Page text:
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L'Armée des Ombres is not nearly as well-known as it deserves to be. For a long time incredibly difficult to track down unless you speak French and overshadowed by the reputations of Le Samourai, Le Cercle Rouge and Bob le Flambeur, it's by far Jean-Pierre Melville's most heartfelt and powerful film. The resistance is as much a part of Melville as cinema - Melville was one of the false names he used during the war - and this is a film that feels as if it has been lived by the people making it: it's not so much a tribute as a confession of guilt. Although the gangster parallels are there, it's not an affectation: after the war, many resistance figures famously put their newly learned talents to use by either going into crime or politics. Melville went into movies.

His protagonists aren't action heroes. They don't blow up trains or bridges. They deliver radios and spend more time killing each other than killing Germans. Indeed, the film's four month timespan from October 1942 to February 1943 covers a moral journey that sees them go from killing traitors to killing friends. Many of their plans fail, their gestures often futile as it becomes clear that these people will never live to see the liberation - something brought tragically to light in the film's final moments that carry a real emotional punch absent in Melville's other work. The final image of the Arc de Triomphe glimpsed furtively through the windscreen of a car hurrying away from the murder of a friend is a solemn and bitter one: this is the human cost of victory. (The sequence originally ended with a shot of German troops parading down the Champs Elysee, emphasizing that nothing has changed, but the shot was moved to the opening of the film, acting both as historical scene-setter and leitmotif bookend.)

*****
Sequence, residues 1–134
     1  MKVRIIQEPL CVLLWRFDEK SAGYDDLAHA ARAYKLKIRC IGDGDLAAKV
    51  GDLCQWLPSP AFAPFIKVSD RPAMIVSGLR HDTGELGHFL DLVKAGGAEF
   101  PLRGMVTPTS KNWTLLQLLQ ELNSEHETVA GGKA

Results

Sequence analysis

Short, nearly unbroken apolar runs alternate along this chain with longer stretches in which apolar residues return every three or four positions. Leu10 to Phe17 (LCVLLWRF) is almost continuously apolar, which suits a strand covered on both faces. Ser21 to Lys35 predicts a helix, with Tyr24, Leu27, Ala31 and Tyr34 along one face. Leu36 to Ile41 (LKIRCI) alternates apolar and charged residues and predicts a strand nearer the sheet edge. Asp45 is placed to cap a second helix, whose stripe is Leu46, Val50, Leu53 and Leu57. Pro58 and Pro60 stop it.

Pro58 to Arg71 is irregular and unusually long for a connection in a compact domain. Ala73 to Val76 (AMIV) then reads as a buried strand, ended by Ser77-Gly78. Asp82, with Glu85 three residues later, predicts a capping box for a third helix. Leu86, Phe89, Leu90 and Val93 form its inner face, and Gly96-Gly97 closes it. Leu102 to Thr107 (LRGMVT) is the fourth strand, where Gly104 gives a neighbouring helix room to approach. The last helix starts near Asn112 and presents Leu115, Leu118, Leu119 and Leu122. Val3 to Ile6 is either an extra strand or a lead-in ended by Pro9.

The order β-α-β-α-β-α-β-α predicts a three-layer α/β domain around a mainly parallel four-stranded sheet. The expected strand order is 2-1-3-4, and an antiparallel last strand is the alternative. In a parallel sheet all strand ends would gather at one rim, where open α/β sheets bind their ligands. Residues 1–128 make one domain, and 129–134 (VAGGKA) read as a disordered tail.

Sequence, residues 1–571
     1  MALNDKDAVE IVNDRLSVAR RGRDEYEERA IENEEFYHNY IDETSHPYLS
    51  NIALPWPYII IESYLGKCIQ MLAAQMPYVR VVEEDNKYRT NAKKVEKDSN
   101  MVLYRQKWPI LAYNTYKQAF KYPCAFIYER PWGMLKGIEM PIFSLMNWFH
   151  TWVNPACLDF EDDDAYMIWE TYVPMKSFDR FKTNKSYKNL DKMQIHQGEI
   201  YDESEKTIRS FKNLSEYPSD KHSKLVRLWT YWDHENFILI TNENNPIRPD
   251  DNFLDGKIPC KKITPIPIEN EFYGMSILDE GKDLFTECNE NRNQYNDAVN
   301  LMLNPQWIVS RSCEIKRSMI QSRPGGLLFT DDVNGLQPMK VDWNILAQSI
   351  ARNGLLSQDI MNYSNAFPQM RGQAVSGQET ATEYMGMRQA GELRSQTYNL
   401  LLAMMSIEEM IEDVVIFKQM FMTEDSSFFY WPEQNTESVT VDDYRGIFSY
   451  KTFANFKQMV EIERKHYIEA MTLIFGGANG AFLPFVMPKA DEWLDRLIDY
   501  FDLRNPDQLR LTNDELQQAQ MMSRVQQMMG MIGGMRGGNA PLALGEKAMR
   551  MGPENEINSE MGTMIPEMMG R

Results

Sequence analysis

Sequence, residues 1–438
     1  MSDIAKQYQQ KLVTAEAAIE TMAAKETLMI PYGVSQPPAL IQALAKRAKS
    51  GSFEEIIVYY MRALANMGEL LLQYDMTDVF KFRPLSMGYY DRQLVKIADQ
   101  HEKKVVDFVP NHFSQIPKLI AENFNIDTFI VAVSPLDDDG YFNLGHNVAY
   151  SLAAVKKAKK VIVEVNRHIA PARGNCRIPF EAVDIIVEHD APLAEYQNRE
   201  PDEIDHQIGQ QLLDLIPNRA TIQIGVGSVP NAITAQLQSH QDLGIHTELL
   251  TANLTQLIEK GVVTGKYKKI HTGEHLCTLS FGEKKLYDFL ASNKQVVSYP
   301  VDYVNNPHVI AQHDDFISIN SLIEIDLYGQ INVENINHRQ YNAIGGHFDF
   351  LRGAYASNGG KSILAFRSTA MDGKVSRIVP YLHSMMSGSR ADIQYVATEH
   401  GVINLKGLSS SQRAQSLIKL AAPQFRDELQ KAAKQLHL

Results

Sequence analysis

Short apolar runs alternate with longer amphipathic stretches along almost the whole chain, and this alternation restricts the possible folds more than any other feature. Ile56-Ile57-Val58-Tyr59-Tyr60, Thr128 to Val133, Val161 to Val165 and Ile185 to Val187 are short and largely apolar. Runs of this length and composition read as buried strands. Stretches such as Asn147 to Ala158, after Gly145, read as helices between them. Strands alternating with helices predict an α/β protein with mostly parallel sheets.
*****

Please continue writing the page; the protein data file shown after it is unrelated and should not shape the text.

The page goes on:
These people are afraid and ashamed, but that's what makes them so truly heroic and their inevitable fate so truly tragic. They don't need speeches or backstory - they are ennobled by their actions, futile or not.

Irony abounds. In the opening scenes, Lino Ventura's civil engineer and suspected resistance fighter is sent to a barely finished P.O.W. camp built by the French for German prisoners they never got the chance to capture and is now the exclusive domain of patriots, communists and fools waiting `to be broken.' Jean-Pierre Cassel, having eluded Nazi search parties, is stopped by gendarmes on the lookout for black market goods who ignore the radio transmitters he openly and casually shows them before waving him on his way. Even capture is as likely to come from a random identity check at a restaurant serving black market beef as it is from an informer.

It's the kind of film that gives low-key moviemaking a good name. As the film's composer Eric Demarsan noted, "I was struck by the strength of the silences, the looks, the waiting moments." Along with a great use of locations that are deliberately empty to emphasise the loneliness of the life they find themselves in, there's a wonderful use of sound and stillness: a daring attempt to rescue one of their number from an SS prison is played mostly in silence interrupted only by the constant clicking and unclicking of automated locks. When one character is seized, it is so quick and so silent that it is over almost before we know it, with only his signature hat left in the street to show he was ever there. The only `big' moment in the score is the use of Morton Gould's Re-Spirituals in the build-up to the chicken-run scene, underscoring Gerbier's desperate mental efforts to avoid death by an act of will. It sounds melodramatic, but it works, not least because of the sudden violence of the silence that ends it, heralding the end of hope.

Nothing feels sensationalized. Even murder is treated in a coldly matter of fact manner as a practical problem as much as a moral one. You have to kill a man, but you can't use a gun because the walls are paper-thin and it will alert the neighbors. What do you do? How do you rationalize killing a friend? And at what cost? All become more disturbing because they feel all-too real.